Traditional Summary Judgment
In issue 2, National Fire asserts the district court erred in rendering summary judgment because there is
no conclusive evidence that the owned-vehicle exclusion applied. The burden of proof as to this issue is
on State and County Mutual to prove the applicability of an exclusion to insurance, as the exclusion
constitutes an avoidance or an affirmative defense. See Tex. Ins. Code Ann. § 554.002 (Vernon 2009).
In order to prove that the owned-vehicle exclusion applied, State and County Mutual bore the burden of
proving that Gatlin owned the 1994 Ford Ranger at the time of the December 23, 2000 accident. No such
evidence was presented to the district court. The only two documents offered into evidence by State and
County Mutual in this regard were the claim file and action notes, both of which recited that Gatlin acquired
title to the truck on October 29, 1999. Assuming, without deciding, that these documents were properly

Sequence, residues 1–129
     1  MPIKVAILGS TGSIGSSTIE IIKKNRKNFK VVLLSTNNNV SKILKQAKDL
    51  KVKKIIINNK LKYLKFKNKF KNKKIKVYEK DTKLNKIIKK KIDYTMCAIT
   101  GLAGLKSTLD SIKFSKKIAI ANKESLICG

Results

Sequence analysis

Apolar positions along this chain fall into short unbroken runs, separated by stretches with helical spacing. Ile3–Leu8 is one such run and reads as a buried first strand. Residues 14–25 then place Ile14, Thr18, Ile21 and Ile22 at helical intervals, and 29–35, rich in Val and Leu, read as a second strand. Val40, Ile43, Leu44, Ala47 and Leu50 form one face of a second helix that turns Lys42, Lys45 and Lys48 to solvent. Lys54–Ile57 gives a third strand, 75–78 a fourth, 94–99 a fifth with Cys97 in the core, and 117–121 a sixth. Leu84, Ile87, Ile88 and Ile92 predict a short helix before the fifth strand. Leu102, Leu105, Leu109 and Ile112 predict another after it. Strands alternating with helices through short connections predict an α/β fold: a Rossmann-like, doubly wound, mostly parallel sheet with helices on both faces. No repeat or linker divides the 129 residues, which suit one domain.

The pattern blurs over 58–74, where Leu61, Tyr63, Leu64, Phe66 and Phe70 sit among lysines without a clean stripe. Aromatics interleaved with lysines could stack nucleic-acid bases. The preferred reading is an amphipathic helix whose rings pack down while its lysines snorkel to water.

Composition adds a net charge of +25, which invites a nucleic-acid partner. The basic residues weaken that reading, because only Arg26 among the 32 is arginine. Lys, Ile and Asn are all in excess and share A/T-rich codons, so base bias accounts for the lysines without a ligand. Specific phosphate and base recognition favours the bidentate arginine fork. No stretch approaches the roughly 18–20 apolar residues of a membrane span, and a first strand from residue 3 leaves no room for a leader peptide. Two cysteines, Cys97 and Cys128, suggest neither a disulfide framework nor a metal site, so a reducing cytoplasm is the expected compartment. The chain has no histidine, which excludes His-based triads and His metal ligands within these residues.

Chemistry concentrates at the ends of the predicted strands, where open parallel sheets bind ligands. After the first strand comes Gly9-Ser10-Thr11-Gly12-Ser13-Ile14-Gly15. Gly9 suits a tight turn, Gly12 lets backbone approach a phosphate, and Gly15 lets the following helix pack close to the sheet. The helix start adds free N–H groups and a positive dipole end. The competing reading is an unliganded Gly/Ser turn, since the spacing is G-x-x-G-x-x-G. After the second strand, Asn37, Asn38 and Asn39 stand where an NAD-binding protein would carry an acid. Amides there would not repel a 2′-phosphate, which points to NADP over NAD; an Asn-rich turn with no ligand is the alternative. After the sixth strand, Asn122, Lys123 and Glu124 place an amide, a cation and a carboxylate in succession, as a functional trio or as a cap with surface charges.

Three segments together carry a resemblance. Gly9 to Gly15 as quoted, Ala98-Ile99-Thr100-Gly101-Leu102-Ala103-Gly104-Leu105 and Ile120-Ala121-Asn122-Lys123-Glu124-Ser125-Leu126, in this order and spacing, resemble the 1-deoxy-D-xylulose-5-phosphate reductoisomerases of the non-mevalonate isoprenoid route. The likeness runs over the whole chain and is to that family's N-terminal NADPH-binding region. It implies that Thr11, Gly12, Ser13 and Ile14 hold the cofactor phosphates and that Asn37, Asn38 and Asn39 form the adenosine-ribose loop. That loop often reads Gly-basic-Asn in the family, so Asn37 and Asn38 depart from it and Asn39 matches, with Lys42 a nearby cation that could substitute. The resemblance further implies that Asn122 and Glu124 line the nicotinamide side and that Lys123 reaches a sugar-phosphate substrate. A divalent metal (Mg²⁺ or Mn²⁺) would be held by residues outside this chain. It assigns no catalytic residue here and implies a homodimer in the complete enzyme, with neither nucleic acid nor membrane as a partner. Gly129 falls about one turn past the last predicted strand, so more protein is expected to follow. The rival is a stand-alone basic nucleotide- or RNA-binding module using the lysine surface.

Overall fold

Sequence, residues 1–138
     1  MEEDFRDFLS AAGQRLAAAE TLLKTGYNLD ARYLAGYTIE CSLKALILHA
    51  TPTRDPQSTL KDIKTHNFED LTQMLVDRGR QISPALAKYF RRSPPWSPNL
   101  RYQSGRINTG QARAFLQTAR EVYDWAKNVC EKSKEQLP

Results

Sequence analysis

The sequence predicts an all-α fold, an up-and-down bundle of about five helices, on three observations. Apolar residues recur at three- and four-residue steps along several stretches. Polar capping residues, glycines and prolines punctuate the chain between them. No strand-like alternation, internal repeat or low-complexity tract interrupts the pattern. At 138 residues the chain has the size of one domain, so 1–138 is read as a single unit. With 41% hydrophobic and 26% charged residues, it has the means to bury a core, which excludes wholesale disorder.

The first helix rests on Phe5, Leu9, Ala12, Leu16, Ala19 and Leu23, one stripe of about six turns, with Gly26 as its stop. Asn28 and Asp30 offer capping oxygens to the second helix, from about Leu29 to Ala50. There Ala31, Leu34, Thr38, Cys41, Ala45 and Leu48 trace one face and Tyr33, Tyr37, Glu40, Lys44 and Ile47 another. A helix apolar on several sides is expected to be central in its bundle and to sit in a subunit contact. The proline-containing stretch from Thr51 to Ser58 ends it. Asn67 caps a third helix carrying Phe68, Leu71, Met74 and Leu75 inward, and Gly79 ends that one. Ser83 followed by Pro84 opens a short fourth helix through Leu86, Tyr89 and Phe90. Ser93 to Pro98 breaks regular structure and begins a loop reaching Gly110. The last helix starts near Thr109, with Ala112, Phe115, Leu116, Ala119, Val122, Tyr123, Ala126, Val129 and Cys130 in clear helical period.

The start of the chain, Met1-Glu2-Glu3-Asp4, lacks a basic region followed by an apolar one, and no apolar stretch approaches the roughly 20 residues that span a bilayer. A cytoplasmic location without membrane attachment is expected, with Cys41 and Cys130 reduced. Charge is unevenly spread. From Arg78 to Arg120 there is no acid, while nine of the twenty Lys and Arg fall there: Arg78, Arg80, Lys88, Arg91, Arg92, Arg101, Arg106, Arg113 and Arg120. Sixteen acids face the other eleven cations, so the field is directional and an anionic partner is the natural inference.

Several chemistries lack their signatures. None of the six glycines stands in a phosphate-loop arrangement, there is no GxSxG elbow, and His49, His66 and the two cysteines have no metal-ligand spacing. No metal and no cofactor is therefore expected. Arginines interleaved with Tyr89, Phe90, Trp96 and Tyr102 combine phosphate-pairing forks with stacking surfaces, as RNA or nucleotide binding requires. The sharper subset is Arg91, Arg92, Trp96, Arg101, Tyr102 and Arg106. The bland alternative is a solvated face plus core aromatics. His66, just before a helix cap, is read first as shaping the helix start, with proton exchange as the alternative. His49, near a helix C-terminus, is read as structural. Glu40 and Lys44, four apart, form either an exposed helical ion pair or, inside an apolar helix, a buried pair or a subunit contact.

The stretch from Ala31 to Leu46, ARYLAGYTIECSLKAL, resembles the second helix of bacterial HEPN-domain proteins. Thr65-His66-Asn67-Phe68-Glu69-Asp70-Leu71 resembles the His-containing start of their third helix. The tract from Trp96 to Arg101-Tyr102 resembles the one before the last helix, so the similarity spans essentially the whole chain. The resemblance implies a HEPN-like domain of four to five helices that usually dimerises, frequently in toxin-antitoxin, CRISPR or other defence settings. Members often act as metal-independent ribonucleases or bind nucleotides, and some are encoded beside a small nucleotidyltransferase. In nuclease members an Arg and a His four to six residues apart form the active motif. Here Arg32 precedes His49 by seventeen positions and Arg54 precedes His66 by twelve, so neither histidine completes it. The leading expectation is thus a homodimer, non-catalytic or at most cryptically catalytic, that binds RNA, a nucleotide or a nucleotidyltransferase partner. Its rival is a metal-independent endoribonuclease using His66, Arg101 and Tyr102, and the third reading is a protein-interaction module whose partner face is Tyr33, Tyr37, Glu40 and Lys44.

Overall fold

admitted into evidence, Footnote this evidence was insufficient to carry State and County Mutual’s burden
to prove that Gatlin was the owner of the vehicle on December 23, 2000. We therefore conclude that State
and County Mutual did not establish the application of the covered-auto exclusion, and we sustain issue 2.
No-Evidence Summary Judgment on Insurance Code Claims
Finally, we consider the no-evidence summary judgment rendered by the district court on National Fire’s
claims under the Insurance Code. A no-evidence motion for summary judgment generally shifts the burden
of proof to the non-movant to raise a genuine issue of material fact. E.g., McCoy v. Rogers, 240 S.W.3d
267, 271 (Tex. App.—Houston [1st Dist.] 2007, pet. denied). The non-movant need not, however, respond
to a no-evidence summary-judgment motion filed with respect to claims or affirmative defenses for which
the movant has the burden of proof. Nowak v. DAS Inv. Corp., 110 S.W.3d 677, 680 (Tex. App.—Houston
[14th Dist.] 2003, no pet.); Barraza v. Eureka Co., 25 S.W.3d 225, 231 (Tex. App.—El Paso 2000, pet.
Here, the burden of proof is on State and County Mutual to prove an exclusion to insurance, as the
exclusion constitutes an avoidance or an affirmative defense. See Tex. Ins. Code Ann. § 554.002 (Vernon